modblog 07/08/2010 0
The Penta (below) is a little-known Fog & Morup light designed by Jo Hammerborg and first appearing in the record in 1965. More traditional in form an...
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Fog & Mørup’s 1969 Rainbow Line

Fog & Mørup’s 1969 Rainbow Line

modblog 16/08/2010 0
In 1969 four Fog & Mørup light models – Andreas Hansen’s Falcon and Jo Hammerborg’s Juno, Zone and Equator – were brought together in vibrant red, yel...
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Kastrup-Holmegaard’s Havanna series for F&M

Kastrup-Holmegaard’s Havanna series for F&M

redvangang 21/05/2011 0
The Kastrup-Holmegaard glassworks produced many different individually mouth-blown glass lamps for Fog & Mørup during the 1960s. Today the least well-...
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Colour coordination in Danish lights

Colour coordination in Danish lights

modblog 12/11/2010 0
In the late 1960s both Louis Poulsen and Fog & Mørup launched lines of assorted lamp models in coordinated colours under unifying taglines. In 1968 an...
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Jo Hammerborg’s Saturn series

Jo Hammerborg’s Saturn series

modblog 24/08/2010 0
One particular group of Fog & Mørup lights by Jo Hammerborg – which for convenience here we will call the Saturn series – embodies Hammerborg’s most e...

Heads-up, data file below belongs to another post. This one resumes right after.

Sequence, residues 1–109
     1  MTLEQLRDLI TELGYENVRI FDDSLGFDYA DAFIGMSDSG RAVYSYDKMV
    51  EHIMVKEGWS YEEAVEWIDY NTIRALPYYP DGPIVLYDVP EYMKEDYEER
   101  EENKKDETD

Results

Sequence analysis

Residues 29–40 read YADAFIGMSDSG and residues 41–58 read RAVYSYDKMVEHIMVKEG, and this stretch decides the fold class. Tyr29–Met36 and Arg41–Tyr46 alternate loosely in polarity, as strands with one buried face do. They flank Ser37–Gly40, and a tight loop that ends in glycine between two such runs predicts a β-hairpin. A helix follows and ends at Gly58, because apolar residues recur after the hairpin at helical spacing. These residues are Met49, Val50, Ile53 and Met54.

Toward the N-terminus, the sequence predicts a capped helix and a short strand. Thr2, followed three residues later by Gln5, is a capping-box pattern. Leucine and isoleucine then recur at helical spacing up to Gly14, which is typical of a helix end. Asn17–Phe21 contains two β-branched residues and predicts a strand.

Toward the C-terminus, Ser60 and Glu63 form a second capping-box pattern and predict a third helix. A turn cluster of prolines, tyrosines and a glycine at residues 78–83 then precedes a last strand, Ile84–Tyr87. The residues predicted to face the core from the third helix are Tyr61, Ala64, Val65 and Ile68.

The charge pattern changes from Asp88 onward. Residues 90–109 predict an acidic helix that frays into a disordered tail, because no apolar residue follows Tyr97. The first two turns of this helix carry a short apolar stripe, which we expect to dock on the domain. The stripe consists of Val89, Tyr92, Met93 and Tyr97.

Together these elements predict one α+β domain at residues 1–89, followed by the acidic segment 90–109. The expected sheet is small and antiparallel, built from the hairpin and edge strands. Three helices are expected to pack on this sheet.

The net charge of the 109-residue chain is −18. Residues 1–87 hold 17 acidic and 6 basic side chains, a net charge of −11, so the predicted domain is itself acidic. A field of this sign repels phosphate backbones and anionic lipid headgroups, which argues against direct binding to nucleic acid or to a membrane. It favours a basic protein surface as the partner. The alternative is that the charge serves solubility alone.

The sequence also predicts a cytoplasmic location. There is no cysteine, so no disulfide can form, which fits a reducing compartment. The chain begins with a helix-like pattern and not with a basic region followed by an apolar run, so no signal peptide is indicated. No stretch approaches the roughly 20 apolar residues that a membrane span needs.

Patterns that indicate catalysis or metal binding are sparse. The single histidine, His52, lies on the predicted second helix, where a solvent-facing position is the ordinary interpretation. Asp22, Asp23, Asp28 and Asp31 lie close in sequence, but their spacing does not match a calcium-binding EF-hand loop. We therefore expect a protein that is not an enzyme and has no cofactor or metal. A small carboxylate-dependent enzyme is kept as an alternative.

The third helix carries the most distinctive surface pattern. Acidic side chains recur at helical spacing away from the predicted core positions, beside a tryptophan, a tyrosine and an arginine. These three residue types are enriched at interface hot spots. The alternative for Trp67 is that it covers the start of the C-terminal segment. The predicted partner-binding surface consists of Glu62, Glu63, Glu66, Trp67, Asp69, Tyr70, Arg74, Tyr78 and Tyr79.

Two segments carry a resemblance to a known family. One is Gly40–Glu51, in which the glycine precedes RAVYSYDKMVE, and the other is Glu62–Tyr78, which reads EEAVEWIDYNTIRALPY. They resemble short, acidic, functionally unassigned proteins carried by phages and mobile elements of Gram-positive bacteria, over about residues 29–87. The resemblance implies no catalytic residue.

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The Senior and the President

The Senior and the President

modblog 03/03/2011 0
In the 1960s Jo Hammerborg designed two table lamps for Fog & Mørup which are easily and often confused. The Senior and the President (pictured in tha...
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Jo Hammerborg’s smallest light?

Jo Hammerborg’s smallest light?

modblog 04/02/2011 0
One of Jo Hammerborg’s earliest designs for Fog & Mørup, the Kubus (pictured below in an F&M advertisement published in 1961 and in our own photos) is...
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Fog & Morup’s Chrome and Golden Lines

Fog & Morup’s Chrome and Golden Lines

modblog 24/02/2011 0
We wrote in an earlier post about cross-model colour coordination at Fog & Morup under Jo Hammerborg’s artistic direction through the 1960s and 1970s,...
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The Schlegel lamp and its Tarok lookalike

The Schlegel lamp and its Tarok lookalike

modblog 28/01/2011 0
Fritz Schlegel’s classic bell-like light for Lyfa, the Schlegel-lampe, designed in 1938, inspired a number of similar designs with which it is often c...